Russian visa policy
The general visa policy of Russia will not apply to the World Cup participants and fans, who will be able to visit Russia without a visa right before and during the competition regardless of their citizenship.
|Canada||CTV, RDS, TSN|||
|Kosovo||RTK (only terrestrial network)|||
|South Korea||SBS (Major distributor in South Korea), KBS, MBC|||
|United Kingdom||BBC, ITV|||
|United States||Fox, Telemundo|||
- The FIFA/DirecTV deal covers the rights for 22 countries: Antigua & Barbuda, Anguilla, Aruba, Bahamas, Barbados, Belize, British Virgin Islands, Cayman Islands, Curaçao, Dominica, Dominican Republic, Grenada, Guyana, Haiti, Jamaica, Montserrat, St. Lucia, St. Kitts & Nevis, St. Vincent & the Grenadines, Suriname, Trinidad & Tobago and the Turks and Caicos.
- The FIFA/EBU deal covers the rights for 37 countries: Albania, Armenia, Austria, Azerbaijan, Belarus, Belgium, Bosnia-Herzegovina, Bulgaria, Croatia, Cyprus, Czech Republic, Estonia, Georgia, Hungary, Iceland, Ireland, Israel, Kazakhstan, Kosovo, Latvia, Liechtenstein, Lithuania, Luxemburg, Macedonia, Malta, Moldova, Montenegro, Netherlands, Poland, Portugal, Romania, Serbia, Slovakia, Slovenia, Switzerland, Turkey and Ukraine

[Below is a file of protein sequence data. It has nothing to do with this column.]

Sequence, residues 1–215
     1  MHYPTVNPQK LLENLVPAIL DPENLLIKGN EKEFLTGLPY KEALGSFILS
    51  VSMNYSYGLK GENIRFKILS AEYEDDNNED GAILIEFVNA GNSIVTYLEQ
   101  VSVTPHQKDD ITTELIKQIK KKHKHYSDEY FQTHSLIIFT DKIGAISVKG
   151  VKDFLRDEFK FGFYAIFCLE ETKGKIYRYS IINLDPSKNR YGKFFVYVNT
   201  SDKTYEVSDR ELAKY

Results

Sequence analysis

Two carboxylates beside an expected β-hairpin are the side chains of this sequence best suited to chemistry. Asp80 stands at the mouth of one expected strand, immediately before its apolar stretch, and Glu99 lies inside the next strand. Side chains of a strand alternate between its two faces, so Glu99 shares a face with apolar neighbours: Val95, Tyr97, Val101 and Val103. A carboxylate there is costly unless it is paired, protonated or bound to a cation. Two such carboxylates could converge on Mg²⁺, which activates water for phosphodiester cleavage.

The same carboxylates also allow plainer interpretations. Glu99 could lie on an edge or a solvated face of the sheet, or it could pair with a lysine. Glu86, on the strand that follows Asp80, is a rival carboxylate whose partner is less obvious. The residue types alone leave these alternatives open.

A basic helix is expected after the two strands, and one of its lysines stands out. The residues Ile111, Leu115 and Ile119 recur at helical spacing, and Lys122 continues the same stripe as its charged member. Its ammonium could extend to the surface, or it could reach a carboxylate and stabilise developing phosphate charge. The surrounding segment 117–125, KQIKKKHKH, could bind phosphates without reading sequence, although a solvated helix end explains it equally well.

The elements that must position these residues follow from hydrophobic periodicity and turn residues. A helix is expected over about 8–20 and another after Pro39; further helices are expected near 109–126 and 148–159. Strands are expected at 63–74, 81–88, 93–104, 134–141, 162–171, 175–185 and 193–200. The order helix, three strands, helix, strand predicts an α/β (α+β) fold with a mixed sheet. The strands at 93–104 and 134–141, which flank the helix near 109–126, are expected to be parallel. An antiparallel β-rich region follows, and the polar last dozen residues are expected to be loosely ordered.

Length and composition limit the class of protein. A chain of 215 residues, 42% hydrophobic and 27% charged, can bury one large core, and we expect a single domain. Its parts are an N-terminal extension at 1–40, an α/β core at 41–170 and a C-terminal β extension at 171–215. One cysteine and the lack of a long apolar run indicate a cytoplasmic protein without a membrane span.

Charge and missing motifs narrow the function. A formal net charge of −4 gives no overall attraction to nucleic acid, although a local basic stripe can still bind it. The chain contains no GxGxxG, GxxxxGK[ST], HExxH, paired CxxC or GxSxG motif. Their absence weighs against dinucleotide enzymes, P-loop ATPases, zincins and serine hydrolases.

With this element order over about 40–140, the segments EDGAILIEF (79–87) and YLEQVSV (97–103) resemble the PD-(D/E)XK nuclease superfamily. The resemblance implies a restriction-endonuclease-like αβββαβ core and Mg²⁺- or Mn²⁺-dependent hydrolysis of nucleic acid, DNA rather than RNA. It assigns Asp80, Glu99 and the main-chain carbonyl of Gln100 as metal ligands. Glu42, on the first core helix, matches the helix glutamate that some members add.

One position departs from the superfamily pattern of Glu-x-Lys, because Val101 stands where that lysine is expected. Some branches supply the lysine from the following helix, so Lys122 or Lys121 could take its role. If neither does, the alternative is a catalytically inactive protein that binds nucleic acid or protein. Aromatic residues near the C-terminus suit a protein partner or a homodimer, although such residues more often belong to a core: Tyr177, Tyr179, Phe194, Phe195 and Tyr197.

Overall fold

- The FIFA/beIN Sports Arabia deal covers the rights for 21 countries: Algeria (ENTV), Bahrain, Comoros, Djibouti, Egypt, Iran (IRIB), Iraq, Jordan, Kuwait, Lebanon, Libya, Mauritania, Morocco, Oman, Palestine, Qatar, Saudi Arabia, Somalia, Sudan, Syria and Tunisia
The official FIFA World Cup mascot for the 2018 tournament, a wolf named "Zabivaka" (“the one who scores” in Russian), was unveiled on 21 October 2016. The mascot was chosen from a list of three finalists by voting, with the wolf receiving 53% of the votes, followed by the tiger (27%) and the cat (20%).
- 2017 FIFA Confederations Cup
- 2018 FIFA World Cup qualification (CONMEBOL)
- 2018 FIFA World Cup qualification (CONCACAF)
- 2018 FIFA World Cup qualification (AFC)
- 2018 FIFA World Cup qualification (UEFA)
- 2018 FIFA World Cup qualification (CAF)
- 2018 FIFA World Cup qualification (OFC)
- Standard Russian pronunciation is [tɕɪmʲpʲɪɐˈnat ˈmʲirə pə fʊdˈbolʊ dʲvʲɪ ˈtɨsʲɪtɕɪ vəsʲɪmˈnatsətʲ]